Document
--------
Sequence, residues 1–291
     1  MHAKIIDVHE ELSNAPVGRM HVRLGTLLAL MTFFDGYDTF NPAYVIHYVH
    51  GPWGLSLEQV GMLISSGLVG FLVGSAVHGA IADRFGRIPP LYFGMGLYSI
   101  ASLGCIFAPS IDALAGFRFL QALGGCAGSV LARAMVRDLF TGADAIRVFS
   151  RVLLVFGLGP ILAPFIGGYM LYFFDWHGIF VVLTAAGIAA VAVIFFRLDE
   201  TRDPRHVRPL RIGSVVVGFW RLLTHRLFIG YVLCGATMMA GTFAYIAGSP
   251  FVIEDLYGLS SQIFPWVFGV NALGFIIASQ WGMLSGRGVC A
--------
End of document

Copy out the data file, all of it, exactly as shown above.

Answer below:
Sequence, residues 1–291
     1  MHAKIIDVHE ELSNAPVGRM HVRLGTLLAL MTFFDGYDTF NPAYVIHYVH
    51  GPWGLSLEQV GMLISSGLVG FLVGSAVHGA IADRFGRIPP LYFGMGLYSI
   101  ASLGCIFAPS IDALAGFRFL QALGGCAGSV LARAMVRDLF TGADAIRVFS
   151  RVLLVFGLGP ILAPFIGGYM LYFFDWHGIF VVLTAAGIAA VAVIFFRLDE
   201  TRDPRHVRPL RIGSVVVGFW RLLTHRLFIG YVLCGATMMA GTFAYIAGSP
   251  FVIEDLYGLS SQIFPWVFGV NALGFIIASQ WGMLSGRGVC A